Roundup blamed for cancer pain in landmark class action

Joel Carrett/AAP PHOTOS

A landmark class action over a widely used weed killer will come down to science as hundreds of Australian cancer patients seek reparations.

The case, launched by Maurice Blackburn Lawyers on behalf of more than 800 non-Hodgkin lymphoma patients, alleges the active ingredient in the popular Roundup herbicide called glyphosate caused their disease.

Many of the people who have joined the class action used Roundup as part of their work, Maurice Blackburn national head of class actions Andrew Watson said.

The lead applicant in the Federal Court case, 40-year-old Queensland man Kelvin McNickle, allegedly used Roundup as a child while spraying weeds with his father and then during his adulthood through his work.

Mr McNickle was first diagnosed with non-Hodgkin lymphoma in May 2018 and underwent chemotherapy and radiotherapy for about seven months.

Not long after, doctors told him he was in remission.

Six weeks ago he was again diagnosed with the disease.

"We cover a gamut of ordinary Australians who have developed non-Hodgkin lymphoma through their exposure to Roundup," Mr Watson told reporters on Monday.

Federal Court proceedings that began on Monday are slated to run for nine weeks and determine whether Roundup contains a carcinogen before other issues in the case are dealt with.

The civil action has been launched against Monsanto, which produced the weed killer. Bayer acquired Monsanto in 2018.

Mr McNickle will not attend the hearing while he receives cancer treatment.

"The upshot is, we are confident that Monsanto did everything it could to avoid confronting the reality that this chemical was a carcinogen and did everything it could to obscure the science and to hide the science," Mr Watson said.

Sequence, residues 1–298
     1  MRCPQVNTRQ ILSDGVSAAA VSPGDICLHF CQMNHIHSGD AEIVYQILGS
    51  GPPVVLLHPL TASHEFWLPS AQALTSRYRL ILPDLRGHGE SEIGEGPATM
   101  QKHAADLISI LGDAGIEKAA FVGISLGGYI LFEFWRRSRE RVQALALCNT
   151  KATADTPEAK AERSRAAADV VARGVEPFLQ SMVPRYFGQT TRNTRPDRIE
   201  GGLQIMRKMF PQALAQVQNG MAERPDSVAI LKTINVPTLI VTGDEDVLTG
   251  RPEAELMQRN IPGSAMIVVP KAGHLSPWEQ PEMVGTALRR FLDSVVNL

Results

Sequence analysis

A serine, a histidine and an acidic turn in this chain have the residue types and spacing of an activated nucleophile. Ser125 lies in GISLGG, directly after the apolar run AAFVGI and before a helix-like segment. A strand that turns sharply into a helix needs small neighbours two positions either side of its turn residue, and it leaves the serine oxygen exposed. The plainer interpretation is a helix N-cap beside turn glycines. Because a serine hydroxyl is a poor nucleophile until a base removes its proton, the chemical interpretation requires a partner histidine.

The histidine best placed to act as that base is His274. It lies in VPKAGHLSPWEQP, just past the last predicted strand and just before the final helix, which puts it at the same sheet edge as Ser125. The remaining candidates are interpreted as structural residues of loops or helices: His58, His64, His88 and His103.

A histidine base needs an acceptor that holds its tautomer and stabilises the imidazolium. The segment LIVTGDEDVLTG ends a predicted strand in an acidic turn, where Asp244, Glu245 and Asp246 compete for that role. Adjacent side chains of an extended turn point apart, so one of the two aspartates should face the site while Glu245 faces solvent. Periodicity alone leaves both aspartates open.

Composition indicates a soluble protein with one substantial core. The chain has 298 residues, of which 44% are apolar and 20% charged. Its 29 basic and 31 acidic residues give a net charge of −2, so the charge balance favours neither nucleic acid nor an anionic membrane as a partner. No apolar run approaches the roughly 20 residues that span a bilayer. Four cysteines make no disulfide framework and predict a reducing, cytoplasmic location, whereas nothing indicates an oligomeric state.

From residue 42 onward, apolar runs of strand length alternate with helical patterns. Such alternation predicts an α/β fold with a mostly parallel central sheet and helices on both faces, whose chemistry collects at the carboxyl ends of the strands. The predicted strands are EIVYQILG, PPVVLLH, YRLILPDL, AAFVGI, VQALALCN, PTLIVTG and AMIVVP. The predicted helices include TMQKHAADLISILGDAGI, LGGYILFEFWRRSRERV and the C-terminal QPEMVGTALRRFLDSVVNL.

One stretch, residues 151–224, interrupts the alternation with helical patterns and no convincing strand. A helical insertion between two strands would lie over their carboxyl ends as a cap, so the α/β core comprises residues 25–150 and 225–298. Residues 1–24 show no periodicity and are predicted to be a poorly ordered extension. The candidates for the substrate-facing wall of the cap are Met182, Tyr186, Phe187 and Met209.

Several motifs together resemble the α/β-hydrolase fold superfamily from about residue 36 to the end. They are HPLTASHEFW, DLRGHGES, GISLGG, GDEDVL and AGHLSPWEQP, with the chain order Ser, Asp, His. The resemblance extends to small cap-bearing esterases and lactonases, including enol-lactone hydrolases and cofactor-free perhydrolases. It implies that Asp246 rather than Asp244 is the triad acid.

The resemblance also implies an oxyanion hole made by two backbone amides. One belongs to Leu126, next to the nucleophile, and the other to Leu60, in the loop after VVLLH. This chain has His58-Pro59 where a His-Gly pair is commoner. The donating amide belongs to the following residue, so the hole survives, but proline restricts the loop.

The cancer patients were ultimately fighting for "very significant" damages, he said.

Roundup is still used in Australia and the Australian Pesticides and Veterinary Medicines Authority supports the company's claim glyphosate-based herbicides are not carcinogenic.

Bayer says glyphosate-based herbicides have been rigorously tested in hundreds of studies, and the weight of that extensive body of science confirms that glyphosate is safe when used as directed.

"Monsanto's defence of the claim demonstrates Bayer's ongoing commitment to supporting Australian farmers by ensuring innovative products such as Roundup continue to be available, advancing sustainable agriculture and protecting food security," it said in a statement.

The Federal Court case is expected to come down to the science behind glyphosate.

Barrister Andrew Clements KC, representing Mr McNickle, on Monday laid out three streams of evidence they will rely on to prove glyphosate and glyphosate-based formulations are carcinogenic: epidemiological evidence, mechanistic evidence and animal studies evidence.

"The greater the duration and intensity of exposure to Roundup Herbicide and Roundup Biactive, the greater the increase in the exposed individual's risk of developing non-Hodgkin lymphoma," the class action lawyers said.

Mr Clements pointed to several studies over the decades that he said supported the claim glyphosate was carcinogenic.

He criticised Monsanto for consistently working to discredit every study that raised concerns about the ingredient.

"It's the same old approach: ignore the smoke, there's no fire here," Mr Clements told the court.

Barrister Steven Finch SC, representing Monsanto, said Maurice Blackburn's own experts disproved their claims.

They were also wrong to suggest they could rely on one of their three streams of evidence to prove their case if two of the streams failed, he said.

"We make no apology at all for making the majority of our attack on the reliability of the studies presented to Your Honour," Mr Finch told Judge Michael Lee.

The barrister suggested experts cherry picked information based on outcomes rather than merit to support the class action's claims.

The majority of people who were diagnosed with non-Hodgkin lymphoma developed it because of a spontaneous mutation, and there was no laboratory evidence to show glyphosate-based formulations caused the disease, Mr Finch said.